This years FOSDEM involved meeting familiar and new people as well as a lot of beer I can’t understand why the Belgians are so proud of their beer though :> Anyway, I got way too less sleep and spent too much money…
I wished I connected to more new people but I was terribly busy catching up with all the faces that I haven’t seen in a while. Hopefully, I can meet more new people next time.
Although I was scheduled as the very first in the morning after the official Beer-Event (thx teuf…) my talk in the GNOME devroom went well and I hope I represented GNOMEs Bugsquad well. At least two people wanted to help out I hope I was inviting and clear enough. I definitely need to try to hold the people by at least writing to bugsquad-list. I hope I come around doing that, but I also have a huge backlog that wants to be processed. On the todo list is a new bugsquad as well as a membership-committee meeting, so if you are interested, watch out for mails
If you happen to have seen my talk at FOSDEM and want to look over the slides, please find them here. If you have been there and want to join the bugsquad fun: Awesome! Join the mailinglist now and wait for the next meeting to be organized. Don’t hesitate to push for it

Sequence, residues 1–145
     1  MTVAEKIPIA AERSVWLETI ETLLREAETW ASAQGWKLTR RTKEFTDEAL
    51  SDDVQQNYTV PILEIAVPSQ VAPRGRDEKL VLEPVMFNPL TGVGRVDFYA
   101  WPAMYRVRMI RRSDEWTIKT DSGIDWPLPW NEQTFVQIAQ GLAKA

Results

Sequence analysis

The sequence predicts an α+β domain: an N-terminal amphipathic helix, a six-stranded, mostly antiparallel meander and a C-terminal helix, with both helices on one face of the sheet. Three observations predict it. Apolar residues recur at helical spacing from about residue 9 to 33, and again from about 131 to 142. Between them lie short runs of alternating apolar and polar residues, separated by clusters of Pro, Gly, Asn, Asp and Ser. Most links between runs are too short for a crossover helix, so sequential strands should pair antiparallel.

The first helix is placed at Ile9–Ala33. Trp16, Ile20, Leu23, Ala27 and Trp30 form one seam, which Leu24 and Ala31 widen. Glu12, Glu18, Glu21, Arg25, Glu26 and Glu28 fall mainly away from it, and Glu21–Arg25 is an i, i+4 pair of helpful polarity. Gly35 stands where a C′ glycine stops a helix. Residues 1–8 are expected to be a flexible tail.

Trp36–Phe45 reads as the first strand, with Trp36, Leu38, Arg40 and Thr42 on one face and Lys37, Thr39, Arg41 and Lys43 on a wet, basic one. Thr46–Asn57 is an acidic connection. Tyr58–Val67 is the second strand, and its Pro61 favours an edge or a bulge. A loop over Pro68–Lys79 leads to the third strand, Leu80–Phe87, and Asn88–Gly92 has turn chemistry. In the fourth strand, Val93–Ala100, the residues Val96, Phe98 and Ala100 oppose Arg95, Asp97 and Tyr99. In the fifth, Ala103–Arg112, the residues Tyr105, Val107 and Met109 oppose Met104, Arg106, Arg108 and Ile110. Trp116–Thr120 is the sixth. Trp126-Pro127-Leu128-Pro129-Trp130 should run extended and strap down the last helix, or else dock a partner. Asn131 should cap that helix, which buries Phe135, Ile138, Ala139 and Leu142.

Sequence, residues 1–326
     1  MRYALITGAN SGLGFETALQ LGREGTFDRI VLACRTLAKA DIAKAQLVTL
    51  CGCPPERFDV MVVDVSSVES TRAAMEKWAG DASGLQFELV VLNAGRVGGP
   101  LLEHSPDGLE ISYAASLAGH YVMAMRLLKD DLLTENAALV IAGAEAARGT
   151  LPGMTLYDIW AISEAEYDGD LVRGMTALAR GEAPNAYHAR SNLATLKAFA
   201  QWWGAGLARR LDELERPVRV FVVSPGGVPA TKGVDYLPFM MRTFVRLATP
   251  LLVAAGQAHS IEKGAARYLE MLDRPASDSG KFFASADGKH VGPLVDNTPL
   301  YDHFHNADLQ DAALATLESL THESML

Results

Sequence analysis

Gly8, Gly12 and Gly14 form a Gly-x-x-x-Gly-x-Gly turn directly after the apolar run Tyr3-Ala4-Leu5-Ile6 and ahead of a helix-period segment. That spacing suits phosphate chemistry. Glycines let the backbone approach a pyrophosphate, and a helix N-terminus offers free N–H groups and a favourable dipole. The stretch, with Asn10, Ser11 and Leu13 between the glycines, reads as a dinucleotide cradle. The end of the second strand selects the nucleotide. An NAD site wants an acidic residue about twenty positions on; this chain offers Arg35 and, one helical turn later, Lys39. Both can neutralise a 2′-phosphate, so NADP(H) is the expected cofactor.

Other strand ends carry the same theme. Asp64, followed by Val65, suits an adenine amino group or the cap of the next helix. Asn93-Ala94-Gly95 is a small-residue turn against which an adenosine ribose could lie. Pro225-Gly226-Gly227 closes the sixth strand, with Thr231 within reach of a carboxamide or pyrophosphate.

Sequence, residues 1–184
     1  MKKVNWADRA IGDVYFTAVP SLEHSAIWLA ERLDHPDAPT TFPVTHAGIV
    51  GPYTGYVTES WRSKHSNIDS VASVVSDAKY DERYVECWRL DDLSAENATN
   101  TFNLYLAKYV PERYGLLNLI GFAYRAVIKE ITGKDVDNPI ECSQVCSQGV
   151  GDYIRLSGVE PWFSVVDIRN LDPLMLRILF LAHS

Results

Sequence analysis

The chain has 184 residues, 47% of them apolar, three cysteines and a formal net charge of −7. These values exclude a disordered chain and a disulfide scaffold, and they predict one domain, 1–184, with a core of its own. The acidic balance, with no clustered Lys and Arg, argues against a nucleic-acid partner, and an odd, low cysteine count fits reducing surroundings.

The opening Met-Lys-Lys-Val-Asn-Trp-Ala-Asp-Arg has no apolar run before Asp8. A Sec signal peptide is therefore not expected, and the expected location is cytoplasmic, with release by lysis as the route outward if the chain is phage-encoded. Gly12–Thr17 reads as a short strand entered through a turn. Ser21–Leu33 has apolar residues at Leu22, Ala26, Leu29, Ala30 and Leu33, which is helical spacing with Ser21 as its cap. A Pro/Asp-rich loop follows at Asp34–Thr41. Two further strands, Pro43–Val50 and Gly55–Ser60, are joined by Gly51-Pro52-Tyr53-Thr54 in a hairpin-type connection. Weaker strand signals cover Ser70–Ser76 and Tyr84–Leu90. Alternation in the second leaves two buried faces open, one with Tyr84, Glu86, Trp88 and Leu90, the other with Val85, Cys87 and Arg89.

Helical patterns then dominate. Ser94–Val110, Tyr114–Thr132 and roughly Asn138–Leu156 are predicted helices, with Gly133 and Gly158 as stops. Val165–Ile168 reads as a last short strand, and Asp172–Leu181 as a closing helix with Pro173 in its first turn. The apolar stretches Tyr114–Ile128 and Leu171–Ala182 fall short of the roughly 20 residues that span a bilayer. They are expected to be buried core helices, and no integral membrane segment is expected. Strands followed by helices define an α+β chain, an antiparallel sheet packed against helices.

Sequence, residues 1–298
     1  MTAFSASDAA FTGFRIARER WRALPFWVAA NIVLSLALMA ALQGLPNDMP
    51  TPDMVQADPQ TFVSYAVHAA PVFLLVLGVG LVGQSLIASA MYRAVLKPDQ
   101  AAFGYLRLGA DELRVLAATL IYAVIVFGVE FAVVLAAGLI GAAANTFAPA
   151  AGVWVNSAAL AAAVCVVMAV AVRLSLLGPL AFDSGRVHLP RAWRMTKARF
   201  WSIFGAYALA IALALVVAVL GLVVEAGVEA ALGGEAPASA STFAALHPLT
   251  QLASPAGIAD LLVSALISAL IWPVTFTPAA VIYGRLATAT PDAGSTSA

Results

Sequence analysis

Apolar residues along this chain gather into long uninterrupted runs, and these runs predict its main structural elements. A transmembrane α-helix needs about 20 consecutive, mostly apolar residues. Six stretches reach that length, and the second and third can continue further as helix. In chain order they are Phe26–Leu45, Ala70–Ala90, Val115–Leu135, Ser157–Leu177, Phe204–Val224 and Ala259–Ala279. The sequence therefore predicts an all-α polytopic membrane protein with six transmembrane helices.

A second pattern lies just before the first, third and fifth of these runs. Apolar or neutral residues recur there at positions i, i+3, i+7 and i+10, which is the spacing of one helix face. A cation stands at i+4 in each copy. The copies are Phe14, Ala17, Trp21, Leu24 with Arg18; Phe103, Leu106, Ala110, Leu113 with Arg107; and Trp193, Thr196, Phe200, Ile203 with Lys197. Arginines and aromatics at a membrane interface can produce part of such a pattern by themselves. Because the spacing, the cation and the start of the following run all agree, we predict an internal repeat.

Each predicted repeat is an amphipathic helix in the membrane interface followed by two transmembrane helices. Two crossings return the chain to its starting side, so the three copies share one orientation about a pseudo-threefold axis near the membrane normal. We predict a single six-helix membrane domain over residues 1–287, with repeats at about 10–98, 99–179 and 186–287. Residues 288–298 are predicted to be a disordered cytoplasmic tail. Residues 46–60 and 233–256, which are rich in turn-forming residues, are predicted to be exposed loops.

If you haven’t been there but you want to help the Free Software movement or GNOME in particular: Awesome! Consider subscribing the mailinglist or join the IRC Channel and make sure that you’ve read our awesome TriageGuide
Talks that I have enjoyed at FOSDEM include Maemo6 Platform Security by Elena because Nokia is about to build yet another security for Linux to meet their needs. Apparently the new Maemo devices will come with a TPM to allow DRM like scenarios. But also encrypting data on the device will be possible using an API which in turn uses the built-in keys. These turn out to be recoverable nowadays. If I read this correctly, then the “Open Mode” will not make use of the TPM keys. This means that if your contacts, images, texts, etc…, were encrypted using the above mentioned API, then you couldn’t get hold of this data in Open Mode I thus reckon that stuff like Contacts will not be stored encrypted. Hence you would leak all your data when losing the device. So I don’t expect a real advantage but we’ll see.
Another not very informative yet entertaining talk was done by Greg Kroah-Hartman and dealt with creating a patch for Linux. It actually motivated me so that I put “fixing some random driver in staging” on my Todo-List
Note to self for the next FOSDEM: Book accommodation early. Very early! Also, Charleroi might not be worth it, because the Bus from Brussels to CLR is 13 Euro, return 21.
FOSS.in has finally finished and I really enjoyed being invited. It was a real pleasure having all these talented and energetic hackers around me. It’s definitely on my top-conferences list. You could feel a real hacking spirit and it’s really sad that it’s already over.